Most people have an idea of what healthy nutritional intake involves, some prefer a diet, some everything in moderation, some starve themselves, and these days most people are working towards a balanced lifestyle that includes moderate red meat intake, lean meats, moderate amounts of dairy (if any), elimination of gluten as well as potatoes, rice, corn, root squashes (pumpkin, acorn, spagetti etc), minimization of simple sugars (including sweet fruit: bananas, strawberries, watermellon, papaya, tomatoes, red apples) ;and the increase in complex carbs (green leafy veg such as spinach, radicchio, arugula, kale, brussel sprouts, brocolli, bok choy, etc) and fruits with low sugar (green apples, blueberries, grapefruit, blackberries, raspberries), and most importantly an incrase in fluid intake. Water in particular is extremely important to our health. Water that is warm, cold, without caffeine in it (tea or coffee contain caffeine), and drunk in large quantities, (up to 2 gallons per day if exercising daily for an hour or more) is key to being healthy, having lots of energy and feeling positive.
We recommend moderate to heavy exercise with adequate stretching. We recommend a short warm up prior to a workout, and a longer (5 minutes) cool down with gentle yet elongating stretching of the muscles used during your workout .
We also recommend regular massage (of course!), minimum of once per month and in combination with Acupuncture and Chiropractic as necessary based on your physically requirements.
Massage is important for several reasons:
Diagnostics: Massage provides a diagnostic understanding of where you need to ice, stretch, get additional massage or other health services, or take a few rest days from activity to allow your muscle group to heal. Massage provides a diagnostic analysis of where you may have strain and not realize, until the therapist gently stretches the muscle and it feels like the muscle is on fire under just under your skin.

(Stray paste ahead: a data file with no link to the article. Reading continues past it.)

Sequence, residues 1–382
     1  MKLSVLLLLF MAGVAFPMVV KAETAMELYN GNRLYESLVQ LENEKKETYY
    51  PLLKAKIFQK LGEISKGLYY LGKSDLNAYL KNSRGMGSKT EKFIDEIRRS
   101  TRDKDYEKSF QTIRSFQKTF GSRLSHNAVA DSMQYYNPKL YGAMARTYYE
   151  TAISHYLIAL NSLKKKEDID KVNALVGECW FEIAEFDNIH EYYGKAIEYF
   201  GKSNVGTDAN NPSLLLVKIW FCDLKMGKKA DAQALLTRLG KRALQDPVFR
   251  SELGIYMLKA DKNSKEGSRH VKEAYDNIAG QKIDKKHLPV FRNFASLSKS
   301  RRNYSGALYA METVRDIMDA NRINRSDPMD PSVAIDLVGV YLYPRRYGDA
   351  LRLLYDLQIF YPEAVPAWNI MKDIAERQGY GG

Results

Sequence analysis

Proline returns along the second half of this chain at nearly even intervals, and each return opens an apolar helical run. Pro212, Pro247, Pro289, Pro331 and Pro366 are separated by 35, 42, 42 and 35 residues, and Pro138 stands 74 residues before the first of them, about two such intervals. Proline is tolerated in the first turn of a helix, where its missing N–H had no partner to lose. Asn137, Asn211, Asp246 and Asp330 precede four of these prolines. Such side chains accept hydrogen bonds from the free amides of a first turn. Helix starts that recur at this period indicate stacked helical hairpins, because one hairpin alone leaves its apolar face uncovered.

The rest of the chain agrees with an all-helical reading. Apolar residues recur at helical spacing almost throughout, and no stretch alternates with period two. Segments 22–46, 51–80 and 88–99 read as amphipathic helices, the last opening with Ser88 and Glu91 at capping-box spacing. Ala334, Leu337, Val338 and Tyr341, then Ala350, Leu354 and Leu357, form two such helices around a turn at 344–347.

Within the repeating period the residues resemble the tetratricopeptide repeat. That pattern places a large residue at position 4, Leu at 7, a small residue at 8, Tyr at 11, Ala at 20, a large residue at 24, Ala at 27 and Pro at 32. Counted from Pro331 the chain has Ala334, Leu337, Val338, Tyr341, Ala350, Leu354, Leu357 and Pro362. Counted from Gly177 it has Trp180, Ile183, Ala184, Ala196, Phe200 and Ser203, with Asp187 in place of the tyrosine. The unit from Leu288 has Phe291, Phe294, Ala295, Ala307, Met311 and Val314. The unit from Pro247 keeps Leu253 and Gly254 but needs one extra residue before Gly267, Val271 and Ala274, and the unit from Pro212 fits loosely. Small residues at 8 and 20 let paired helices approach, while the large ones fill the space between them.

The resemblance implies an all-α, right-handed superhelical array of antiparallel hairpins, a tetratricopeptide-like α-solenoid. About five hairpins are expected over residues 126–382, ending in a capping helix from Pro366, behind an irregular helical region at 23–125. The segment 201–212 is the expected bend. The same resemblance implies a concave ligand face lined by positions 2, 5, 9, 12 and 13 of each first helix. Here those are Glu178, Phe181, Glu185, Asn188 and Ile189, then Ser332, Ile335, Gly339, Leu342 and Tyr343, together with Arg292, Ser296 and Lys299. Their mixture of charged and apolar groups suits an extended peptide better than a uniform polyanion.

Blood Flow: Massage promotes circulation and increased blood flow to/from areas that are strained, injured or stresses. Increased blood flow brings oxegen to tissue which may speed up healing muscle, tendon, ligament thereby speeding up recover for athletes, people recovering from surgery or injury, and those of us with daily activities that cause some muscle and emotional stress. Increases in blood flow to specific areas are known to be effective in treating migraines, low back pain, tingling and numbness, frozen shoulder, etc
Lymphatic Flow: Massage also promotes lymphatic processes in the body which help flush "toxins" from the tissues. When working out we break down fat and muscle and a waste product gets trapped in the tissues. Massage facilities the increase in lymphatic processes to speed the flush of these toxins. Studies have shown that we receive the same lymphatic flush in a two hr massage as we do naturally in approximately two weeks. The flush of this waste product that is "stuck" in the muscle and myofascial tissues aids in recovery, creates a feeling of lightness or increased energy while eliminating inflammation and pain. Constricted muscles, tendons, and sometimes ligaments are elongated and relaxed. Strength is not diminished although it is recommended that you do not have a massage within 4-6 days of an event (tri-athlon, marathon etc) as your muscles may be flushing and in recovery for several days after a deep tissue therapeutic massage.
Endocrine system stimulation: Massage has also been known to stimulate the endocrine system which has no specific physiologic benefit necessarily, yet provides relaxation and what is often called a "spa buzz". The result typically helps the client to relax, feeling as if they just had a glass of wine and a little muddled and light headed. A nap often sounds like a great idea to someone who has just finished a deep tissue massage. Please wait to drive until you are feeling clear headed after a deep relaxing, therapeutic massage.